The Epiphany is a time of mystery with stories that are subject to a lot of interpretations: the visit of magi from the East to the infant Jesus offering strange gifts and all the characters in Matthew’s story being directed in their comings and goings by their dreams; the Baptism of Jesus by his cousin John with a dove descending and a voice from heaven heard only by Jesus; the miracle of Jesus turning water into wine (good wine!) at a wedding party in Cana of Galilee at the request of his mother, even as he protests that his “time has not yet come;” the infant Jesus being presented in the Temple by his parents who go through rites in which the Son of God is redeemed from being offered to God by the substitute offering of turtledoves and prophesied over by two elderly saints. It is a time in the church year that has inspired poetry, drama, art, and splendid worship.
This issue of Let’s Talk takes up the topic of art and religion: religious art and liturgical art.
Let’s begin with liturgical art. Retired Pastor Frederick J. Schumacher of Princeton, New Jersey, Executive Director of the American Lutheran Publicity Bureau, shares his experience of learning to read and write icons. One does not “paint” icons, one “writes” them because they are a visual proclamation of gospel. They are venerated by the Orthodox faithful as windows into eternity, and the very act of creating them is a devotional exercise. Icons may be taken for granted today, but once they were controversial. The iconoclastic controversy tore apart the Byzantine Empire in the 8th century and the controversy had to be settled by an ecumenical council (the Seventh). Hence, icons now serve as marks of confession for the Orthodox Churches and might be claimed by us also for our worship spaces as affirmations that “the Word became flesh and dwelt among us, full of grace and truth.”
No less controversial was the play and the actors’ masks discussed by retired Pastor John Lang. He reached back to his earlier career as a college art professor and allowed memories of the masks used in Archibald MacLeish’s play, J.B., to surface in the course of teaching a Bible study on Job. The masks for “God” and “Satan” became well known graphic art in the 1950s and 1960s. Discussion of John’s article in the editorial board noted that the masks for the actors are white for God and black for Satan. While those colors of light and darkness may be conventional portrayals of benevolence and evil, after the 1950s they could also be seen as racialist. If that is how they strike us, it fits the conceit of the play. The actors wearing the masks are consciously “playing” God and Satan. The masks are human projections on God and Satan. In the play the real God is heard but not seen. Do our projections on God (and Satan) also include our prejudices along with our preconceptions? Does this not indicate the risk of creating images of God (and Satan, who, remember, in the Book of Job is God’s prosecutor)? Did the iconoclasts have a point? Yet, is there a value in taking the risk?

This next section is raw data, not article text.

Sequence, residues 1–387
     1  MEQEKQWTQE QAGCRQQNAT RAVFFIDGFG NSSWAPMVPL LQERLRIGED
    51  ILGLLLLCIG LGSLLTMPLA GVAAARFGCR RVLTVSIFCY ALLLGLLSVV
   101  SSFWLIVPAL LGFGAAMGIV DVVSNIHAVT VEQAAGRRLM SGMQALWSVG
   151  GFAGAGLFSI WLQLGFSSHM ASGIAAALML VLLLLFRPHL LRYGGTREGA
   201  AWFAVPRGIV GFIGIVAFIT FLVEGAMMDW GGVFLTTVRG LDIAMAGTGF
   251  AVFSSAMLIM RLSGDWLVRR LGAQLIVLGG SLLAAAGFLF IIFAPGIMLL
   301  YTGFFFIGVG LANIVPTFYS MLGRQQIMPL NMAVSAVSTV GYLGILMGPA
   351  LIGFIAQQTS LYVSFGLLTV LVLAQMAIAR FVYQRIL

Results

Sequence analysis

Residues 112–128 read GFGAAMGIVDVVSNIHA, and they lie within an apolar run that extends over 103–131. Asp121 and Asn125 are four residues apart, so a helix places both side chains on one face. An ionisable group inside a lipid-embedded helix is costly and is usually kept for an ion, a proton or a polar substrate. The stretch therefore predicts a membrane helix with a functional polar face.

No less controversial is the role of vestments in worship, a form of liturgical art which I take up in my “As I See It” column art. Like icons, vestments have become signs of confession, since different types of vesture are worn by liturgical ministers in different traditions—or no vestments at all (which is also a confessional statement). Even the kind of ordinary street clothes a ministers wears to lead worship is chosen to make a statement. In those traditions in which vestments are used, they are not just to designate ministerial roles; they also provide religious identity for the worshiping people. Hence, the choice of vestments (or no vestments) cannot be left to the minister’s sole discretion. What is worn or not worn can provoke controversy.
Film is also an art form and my fellow columnist, Ben Dueholm, reviews the portrayal of clergy in film in his “On the Way” column. The films reviewed might be deemed “good” portrayals in the sense that they challenge us in our own lives of faith or unfaith.
Gordon Straw reviews Nadia Bolz-Weber’s latest book, Pastrix: The Cranky, Beautiful Faith of a Sinner & Saint. Pastor Nadia has become known for her body art, but her book is about much more than that. This is a memoir of her spiritual struggles with God and the Church. Our reviewer warns that this book is not for the faint of heart; nor should it be a manual for other pastors on “how to be like Nadia.” Nadia is trying to be “truthfully honest”—authentic to herself—and the rest of us are admonished to be authentic to ourselves.
The offerings in this volume of Let’s Talk are fewer than usual. It is not easy to get people to write for journals and it was especially difficult to recruit writers for this issue. Is this because Lutherans generally lack an aptitude for art, except for church architecture? In spite of Martin Luther’s cordial personal relationship with the Lukas Cranachs, senior and junior, who painted many altar panels in post-Reformation Lutheran churches in northern Germany, we heirs of the Reformation distrust the visual. We are people who have elevated the word, including the word that comes to us in musical tones. (“Faith comes from what is heard,” said St. Paul.) If we had looked for articles on music, we might have rounded up many. But we need to recognize that the visual mode of human perception provides a valuable and even indispensable mode for communicating the Gospel, and that the value of art in our churches and in religious life is more than just aesthetic. It is not just about beauty; it also has to do with truth.
Frank C. Senn